Our founder, Judi Robinovitz, recognized firsthand the value of these strategies when her son Jason was growing up. Diagnosed in elementary school with dyslexia and ADHD, Jason became a successful student because of the almost-daily tutoring support he received from Judi’s dedicated tutors. Jason graduated from a top-tier law school and passed the Florida Bar Exam the first time; after practicing law for five years he joined the family business as the Chief Operating Officer of all Score At The Top Learning Centers! The strategies that worked best for Jason, and other students like him, remain with Score At The Top today to ensure every student’s success.
The skilled tutors at Score At The Top can help that student with a learning disability or attention deficit to master academic subjects, learn coping strategies and compensatory skills, become better organized, and build confidence. We have worked with hundreds of students with a wide variety of learning and attention issues, successfully helping them to score at the top of their potential.
We recommend scheduling more than one lesson every week for a student with a learning disability or attention deficit disorder. Such students typically need much practice and repetition to master skills, improve grades and achieve higher scores. It takes time to see improvement, so please don't expect a quick fix.
Students with learning disabilities or attention deficit disorder may experience some of these challenges:
To help students overcome these challenges, Score At The Top’s sensitive tutors implement a variety of techniques during tutoring sessions. They...
The skilled tutors at Score At The Top can help a student with learning or attention challenges to master academic subjects, learn coping strategies and compensatory skills, and become better organized.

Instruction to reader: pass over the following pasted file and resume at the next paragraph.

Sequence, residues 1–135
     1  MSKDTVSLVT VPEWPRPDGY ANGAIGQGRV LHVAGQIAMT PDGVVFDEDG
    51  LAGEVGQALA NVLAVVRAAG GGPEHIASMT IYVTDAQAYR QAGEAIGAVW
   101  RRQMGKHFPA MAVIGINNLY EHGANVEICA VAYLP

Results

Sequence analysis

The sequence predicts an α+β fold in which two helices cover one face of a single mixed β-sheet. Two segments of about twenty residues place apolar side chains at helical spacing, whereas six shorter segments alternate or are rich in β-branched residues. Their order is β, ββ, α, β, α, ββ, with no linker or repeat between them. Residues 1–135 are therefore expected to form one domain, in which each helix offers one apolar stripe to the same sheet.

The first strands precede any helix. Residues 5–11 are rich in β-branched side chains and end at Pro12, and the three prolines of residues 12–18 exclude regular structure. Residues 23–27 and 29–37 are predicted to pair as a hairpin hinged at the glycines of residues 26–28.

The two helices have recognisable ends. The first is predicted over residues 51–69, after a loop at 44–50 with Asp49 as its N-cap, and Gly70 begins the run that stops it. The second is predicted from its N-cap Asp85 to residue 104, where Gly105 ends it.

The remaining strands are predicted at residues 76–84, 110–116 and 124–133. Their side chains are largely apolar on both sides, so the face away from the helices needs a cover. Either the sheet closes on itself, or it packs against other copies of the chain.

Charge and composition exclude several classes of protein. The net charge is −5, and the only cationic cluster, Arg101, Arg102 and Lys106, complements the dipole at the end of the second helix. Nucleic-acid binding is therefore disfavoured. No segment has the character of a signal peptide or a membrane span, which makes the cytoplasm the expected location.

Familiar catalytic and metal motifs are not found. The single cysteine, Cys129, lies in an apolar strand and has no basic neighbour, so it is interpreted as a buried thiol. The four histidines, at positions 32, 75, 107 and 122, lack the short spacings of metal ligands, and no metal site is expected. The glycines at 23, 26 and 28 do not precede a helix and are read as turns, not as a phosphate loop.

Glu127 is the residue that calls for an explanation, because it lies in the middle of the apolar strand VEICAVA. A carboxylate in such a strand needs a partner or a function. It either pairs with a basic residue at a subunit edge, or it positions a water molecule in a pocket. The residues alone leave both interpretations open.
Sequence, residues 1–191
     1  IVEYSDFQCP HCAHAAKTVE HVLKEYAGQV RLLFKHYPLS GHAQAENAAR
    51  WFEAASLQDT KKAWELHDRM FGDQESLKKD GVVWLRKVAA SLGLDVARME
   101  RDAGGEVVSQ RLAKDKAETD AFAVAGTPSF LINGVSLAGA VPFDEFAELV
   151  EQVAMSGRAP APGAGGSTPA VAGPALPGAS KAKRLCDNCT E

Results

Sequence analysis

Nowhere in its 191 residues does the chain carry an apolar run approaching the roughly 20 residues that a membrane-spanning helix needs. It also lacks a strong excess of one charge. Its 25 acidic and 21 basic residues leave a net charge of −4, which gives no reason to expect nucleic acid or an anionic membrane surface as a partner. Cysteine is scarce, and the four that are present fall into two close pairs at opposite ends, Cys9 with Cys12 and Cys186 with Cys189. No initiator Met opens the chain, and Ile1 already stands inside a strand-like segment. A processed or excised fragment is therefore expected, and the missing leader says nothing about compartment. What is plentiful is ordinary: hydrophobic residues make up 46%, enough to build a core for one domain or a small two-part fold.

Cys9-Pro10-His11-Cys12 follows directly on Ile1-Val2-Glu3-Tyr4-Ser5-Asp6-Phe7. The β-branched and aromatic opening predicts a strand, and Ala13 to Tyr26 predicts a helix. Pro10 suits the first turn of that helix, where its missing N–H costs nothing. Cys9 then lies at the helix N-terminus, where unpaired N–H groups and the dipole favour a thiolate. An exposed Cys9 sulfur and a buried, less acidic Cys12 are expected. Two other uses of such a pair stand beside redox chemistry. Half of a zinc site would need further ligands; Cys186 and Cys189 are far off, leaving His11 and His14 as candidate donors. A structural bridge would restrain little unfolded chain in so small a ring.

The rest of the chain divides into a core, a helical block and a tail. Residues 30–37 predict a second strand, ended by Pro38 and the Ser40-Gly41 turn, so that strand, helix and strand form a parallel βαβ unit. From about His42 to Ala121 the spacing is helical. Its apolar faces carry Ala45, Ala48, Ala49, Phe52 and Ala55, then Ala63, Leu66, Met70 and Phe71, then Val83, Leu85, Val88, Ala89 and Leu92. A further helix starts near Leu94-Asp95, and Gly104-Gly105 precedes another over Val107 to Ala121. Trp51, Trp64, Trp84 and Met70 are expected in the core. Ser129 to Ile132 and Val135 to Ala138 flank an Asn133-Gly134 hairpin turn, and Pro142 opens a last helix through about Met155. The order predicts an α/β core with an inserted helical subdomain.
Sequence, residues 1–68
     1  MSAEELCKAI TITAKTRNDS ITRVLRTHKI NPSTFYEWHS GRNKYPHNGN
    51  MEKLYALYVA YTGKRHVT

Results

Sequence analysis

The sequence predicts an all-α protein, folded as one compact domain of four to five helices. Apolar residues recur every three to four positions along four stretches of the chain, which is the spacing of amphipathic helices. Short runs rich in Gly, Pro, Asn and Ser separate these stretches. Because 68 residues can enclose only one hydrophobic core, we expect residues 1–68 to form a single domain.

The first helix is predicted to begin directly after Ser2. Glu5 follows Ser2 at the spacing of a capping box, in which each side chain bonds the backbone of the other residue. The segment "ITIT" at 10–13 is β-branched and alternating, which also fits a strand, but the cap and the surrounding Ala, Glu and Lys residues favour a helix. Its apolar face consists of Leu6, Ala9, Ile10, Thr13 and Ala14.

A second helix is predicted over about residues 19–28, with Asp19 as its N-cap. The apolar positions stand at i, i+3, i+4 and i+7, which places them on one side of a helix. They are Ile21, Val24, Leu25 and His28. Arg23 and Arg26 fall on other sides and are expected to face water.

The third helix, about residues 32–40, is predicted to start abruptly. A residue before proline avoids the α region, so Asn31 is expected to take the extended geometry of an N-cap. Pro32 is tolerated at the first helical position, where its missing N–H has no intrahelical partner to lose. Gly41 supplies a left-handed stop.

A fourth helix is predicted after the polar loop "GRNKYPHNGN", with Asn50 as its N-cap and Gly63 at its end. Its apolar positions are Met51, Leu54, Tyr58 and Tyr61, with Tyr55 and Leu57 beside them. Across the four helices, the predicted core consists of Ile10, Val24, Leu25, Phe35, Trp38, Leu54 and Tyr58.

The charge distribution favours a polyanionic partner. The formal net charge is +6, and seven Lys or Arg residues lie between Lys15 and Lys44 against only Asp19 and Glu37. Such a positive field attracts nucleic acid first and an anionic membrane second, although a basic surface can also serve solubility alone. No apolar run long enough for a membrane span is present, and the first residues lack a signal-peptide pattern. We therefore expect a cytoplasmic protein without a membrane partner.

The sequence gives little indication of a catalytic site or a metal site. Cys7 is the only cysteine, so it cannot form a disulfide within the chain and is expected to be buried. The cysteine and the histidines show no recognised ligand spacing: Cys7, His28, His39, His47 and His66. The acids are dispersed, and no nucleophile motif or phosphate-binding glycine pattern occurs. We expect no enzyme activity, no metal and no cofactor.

Also known as learning disabilities and ADHD, these conditions cause many students to struggle with school work. The term "learning disability" covers a broad spectrum of problems – with listening, thinking, math, speaking, reading, or writing. A learning disability is more than a difference or difficulty with learning; it is a neurological disorder that affects the brain's ability to receive process, store, and respond to information. It can hamper or slow down a student's ability to make sense out of information. ADHD (formerly known as ADD) can include inattentive, impulsive, and/or hyperactive behaviors. It can affect a student's ability to focus, stay organized, finish an assignment, sit still, or even follow instructions.
|Common Types of Learning Disabilities|
|Dyslexia||Difficulty processing language||Problems reading (decoding), writing (encoding), spelling, speaking|
|Dyscalculia||Difficulty with math||Problems doing math problems, understanding time, using money|
|Dysgraphia||Difficulty with writing||Problems with handwriting, spelling, organizing ideas|
|Dyspraxia (Sensory Integration Disorder)||Difficulty with fine motor skills||Problems with hand–eye coordination, balance, manual dexterity|
|Auditory Processing Disorder||Difficulty hearing differences between sounds||Problems with reading, comprehension, language|
|Visual Processing Disorder||Difficulty interpreting visual information||Problems with reading, math, maps, charts, symbols, pictures|
|ADHD (formerly known as ADD)||Attention Deficit Hyperactivity Disorder (ADHD), while not considered a learning disability, can certainly disrupt learning. Children with ADHD often have problems with sitting still, staying focused, following instructions, staying organized, and completing homework.|
Students with learning disabilities or attention deficit disorder cannot try harder, pay closer attention, or improve motivation on their own; they need help to learn how to do those things and how to compensate for their challenges. Learning and attention challenges are not problems with intelligence. (In fact, Albert Einstein, Thomas Edison, and Walt Disney were dyslexic!) Rather, they are caused by a difference in the brain that affects how information is received, processed, and/or communicated. Students with learning disabilities have trouble processing sensory information: they see, hear, and understand things differently.
The diagnosis of a learning disability is an inexact science. Even the experts disagree on the best ways of determining whether a learning disability exists. Why the confusion?